Mr Mattew Nyaaba, a tutor at the Gambaga College of Education has bemoaned on Governments initiative in the
adoption of full virtual education in colleges.
According to him, Ghana can’t implement a full Virtual Education in this time of CONVID’19 but we can adapt a partial virtual education.
Speaking in an exclusive conversation this is what he has to say…
“I appreciate the President and his leaders for their effort for such a bold initiative I know is a bold initiative
taken by the Principals and I know they are equally aware of the challenges to that effect.
However, I don’t see it to be feasible and hence will not be effective”, he added.
Ghana can’t implement a full Virtual Education in this time of CONVID’19 but we can adapt a partial virtual education.
“We have already started this virtual education and I can confidently say, it averagely exposes students to or covers less than 40% of the learning experiences, what happens to the 60%?
When we talk of Virtual Education is a teaching and learning process based on the principles of active pedagogy (that’s the student must take the responsibility of frequent and effective participation), with the characteristics of distance education (during all classes, or most of them, the students and the teacher will not meet personally, although this could happen in a virtual space).
For example, both tutors and students can chat with each other in real-time using internet services, but also by e-mail or participate in e-groups such as WhatsApp, Google Classroom that don’t require that both are on-line at the same time.
However, the problem at hand is due to the common challenges that we are all aware of ranging from poor network, lack of technological devices, home distractions, time inconsistency, etc.
Unlike other developed countries, E-learning in Ghana is still at its infancy stage and we have a long way to go.
And I still repeat; We have already started this virtual education and I can confidently say, it averagely exposes students to or covers less than 40% of the learning experiences, what happens to the 60%?, even with that we can averagely get less than 30% of the students participating, what happens to the 70% of students?
My strongest recommendation is that we should manage to get the students back on campus and perhaps lock the schools down and ensure that there is supervision on students and their studies to Safeguide their safety”.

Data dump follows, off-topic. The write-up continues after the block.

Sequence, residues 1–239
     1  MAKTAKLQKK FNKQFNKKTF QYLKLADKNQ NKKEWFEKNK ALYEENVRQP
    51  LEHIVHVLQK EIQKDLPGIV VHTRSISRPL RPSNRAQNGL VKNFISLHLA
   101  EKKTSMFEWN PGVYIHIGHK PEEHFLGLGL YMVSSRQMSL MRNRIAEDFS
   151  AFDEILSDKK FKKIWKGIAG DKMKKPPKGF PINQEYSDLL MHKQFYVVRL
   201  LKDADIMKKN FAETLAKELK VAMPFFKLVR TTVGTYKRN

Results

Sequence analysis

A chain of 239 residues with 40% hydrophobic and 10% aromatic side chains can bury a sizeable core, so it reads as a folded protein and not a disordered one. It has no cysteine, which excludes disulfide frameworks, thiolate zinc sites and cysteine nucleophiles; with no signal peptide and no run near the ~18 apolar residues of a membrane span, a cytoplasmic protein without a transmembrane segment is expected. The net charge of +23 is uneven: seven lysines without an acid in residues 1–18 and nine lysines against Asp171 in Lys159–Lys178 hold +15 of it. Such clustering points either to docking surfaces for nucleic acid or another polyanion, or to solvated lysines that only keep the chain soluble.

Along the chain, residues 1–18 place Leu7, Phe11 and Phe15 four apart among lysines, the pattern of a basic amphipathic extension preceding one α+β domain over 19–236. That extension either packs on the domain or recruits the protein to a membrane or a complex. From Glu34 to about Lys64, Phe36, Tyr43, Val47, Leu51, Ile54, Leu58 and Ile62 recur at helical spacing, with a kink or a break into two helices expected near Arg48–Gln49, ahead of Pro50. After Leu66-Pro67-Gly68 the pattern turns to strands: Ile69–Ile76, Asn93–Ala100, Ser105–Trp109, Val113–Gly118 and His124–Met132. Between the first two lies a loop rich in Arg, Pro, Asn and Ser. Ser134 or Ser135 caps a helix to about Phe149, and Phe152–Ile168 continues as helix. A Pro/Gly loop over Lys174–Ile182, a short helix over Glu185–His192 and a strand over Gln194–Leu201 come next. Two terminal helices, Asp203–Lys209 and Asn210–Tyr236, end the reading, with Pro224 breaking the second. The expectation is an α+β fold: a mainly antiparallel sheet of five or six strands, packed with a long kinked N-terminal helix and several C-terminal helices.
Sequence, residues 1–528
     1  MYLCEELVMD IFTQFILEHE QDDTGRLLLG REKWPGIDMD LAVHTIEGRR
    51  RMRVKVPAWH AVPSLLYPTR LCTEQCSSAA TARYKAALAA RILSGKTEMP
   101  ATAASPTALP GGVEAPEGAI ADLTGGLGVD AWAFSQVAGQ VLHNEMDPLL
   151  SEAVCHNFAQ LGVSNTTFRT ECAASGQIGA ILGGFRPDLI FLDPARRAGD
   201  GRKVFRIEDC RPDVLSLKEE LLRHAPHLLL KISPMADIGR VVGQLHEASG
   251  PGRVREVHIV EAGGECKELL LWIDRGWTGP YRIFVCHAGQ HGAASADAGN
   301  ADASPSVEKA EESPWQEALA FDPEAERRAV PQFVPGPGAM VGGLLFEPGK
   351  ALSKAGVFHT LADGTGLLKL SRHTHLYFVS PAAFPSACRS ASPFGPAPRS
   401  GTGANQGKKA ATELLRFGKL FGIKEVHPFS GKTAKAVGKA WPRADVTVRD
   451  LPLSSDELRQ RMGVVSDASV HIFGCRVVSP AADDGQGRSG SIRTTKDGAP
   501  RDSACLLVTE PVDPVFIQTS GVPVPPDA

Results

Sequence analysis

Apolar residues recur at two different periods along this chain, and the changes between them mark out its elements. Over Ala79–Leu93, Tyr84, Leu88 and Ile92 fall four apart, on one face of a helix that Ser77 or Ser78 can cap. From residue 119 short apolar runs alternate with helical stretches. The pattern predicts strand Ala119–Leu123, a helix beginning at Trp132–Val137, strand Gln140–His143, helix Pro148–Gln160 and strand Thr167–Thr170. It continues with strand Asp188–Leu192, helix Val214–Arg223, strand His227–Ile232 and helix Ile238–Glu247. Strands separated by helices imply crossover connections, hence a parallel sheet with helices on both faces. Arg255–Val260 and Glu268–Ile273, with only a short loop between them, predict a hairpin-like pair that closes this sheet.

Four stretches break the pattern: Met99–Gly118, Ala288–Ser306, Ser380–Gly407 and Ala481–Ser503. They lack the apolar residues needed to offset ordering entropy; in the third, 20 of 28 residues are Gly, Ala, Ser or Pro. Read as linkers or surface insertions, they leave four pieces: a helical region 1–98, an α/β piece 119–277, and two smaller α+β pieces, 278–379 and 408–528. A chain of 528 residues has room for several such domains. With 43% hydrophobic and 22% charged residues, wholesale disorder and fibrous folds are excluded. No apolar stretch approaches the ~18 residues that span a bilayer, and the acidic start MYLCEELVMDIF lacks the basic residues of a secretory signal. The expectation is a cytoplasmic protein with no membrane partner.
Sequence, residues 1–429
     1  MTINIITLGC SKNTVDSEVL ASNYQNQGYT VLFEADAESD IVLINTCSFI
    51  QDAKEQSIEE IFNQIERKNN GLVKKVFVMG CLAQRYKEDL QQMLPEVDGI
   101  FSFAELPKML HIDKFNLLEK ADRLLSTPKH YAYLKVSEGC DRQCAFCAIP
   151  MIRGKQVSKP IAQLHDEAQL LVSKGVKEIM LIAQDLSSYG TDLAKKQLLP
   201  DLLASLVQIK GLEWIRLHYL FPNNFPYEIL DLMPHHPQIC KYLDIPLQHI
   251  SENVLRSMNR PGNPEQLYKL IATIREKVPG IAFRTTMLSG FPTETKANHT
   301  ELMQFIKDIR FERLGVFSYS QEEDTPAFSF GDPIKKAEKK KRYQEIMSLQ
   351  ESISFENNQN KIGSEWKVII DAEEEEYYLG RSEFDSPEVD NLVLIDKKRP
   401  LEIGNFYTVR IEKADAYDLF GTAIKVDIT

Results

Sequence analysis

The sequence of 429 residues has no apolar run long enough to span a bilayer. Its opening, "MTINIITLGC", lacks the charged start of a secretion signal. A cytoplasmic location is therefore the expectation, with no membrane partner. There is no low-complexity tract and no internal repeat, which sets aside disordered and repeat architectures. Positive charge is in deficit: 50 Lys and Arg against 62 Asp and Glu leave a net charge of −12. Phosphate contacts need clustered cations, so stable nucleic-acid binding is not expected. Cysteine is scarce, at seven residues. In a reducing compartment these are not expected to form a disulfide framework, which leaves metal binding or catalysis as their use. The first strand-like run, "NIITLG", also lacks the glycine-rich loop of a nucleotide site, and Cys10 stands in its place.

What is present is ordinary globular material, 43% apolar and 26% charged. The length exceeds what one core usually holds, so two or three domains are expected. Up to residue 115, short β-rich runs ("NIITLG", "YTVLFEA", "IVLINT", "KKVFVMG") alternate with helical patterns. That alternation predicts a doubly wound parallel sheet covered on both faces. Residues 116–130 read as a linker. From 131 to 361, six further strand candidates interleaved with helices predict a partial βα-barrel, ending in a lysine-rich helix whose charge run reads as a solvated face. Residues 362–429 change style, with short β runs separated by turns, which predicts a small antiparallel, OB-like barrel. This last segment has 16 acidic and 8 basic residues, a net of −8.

How can it be detected if a student is infected or not?
“I will suggest for a mass testing for all students upon their arrival in the schools.
I don’t know much about the health sector and the possibility of a timely mass testing of all colleges of education students but I think it is possible.
Since we were able to do it during the period of mandatory quarantine for travellers who arrived 21-22 March 2020 as per the President’s directive, we can equally do it with the students.
The mass testing can be done upon students arrival on campus and periodically till the total end of this pandemic whiles they are engaged in their studies.
The government can employ equal strategy by acquiring more testing kits and employing more hands for this exercise too”.
Talking on the Number of students per room/Hostels.
“It is manageable, once they are tested negative, they can stay together and be ensuring the preventive measures (sanitizing, hand washing, etc).
Instead of the stay home stay safe agenda, it could be Stay in school stay safe agenda.
The success of ‘stay in school stay safe agenda’ may compel other countries with similar situations to learn from us.
We can regulate students number during dining and other gatherings. This I think would even be easier since they are students and understand the implications”.
Mr. Nyaaba finally opined that it would be better we patiently wait and totally battle off the CONVID ’19 pandemic before resuming academic activities.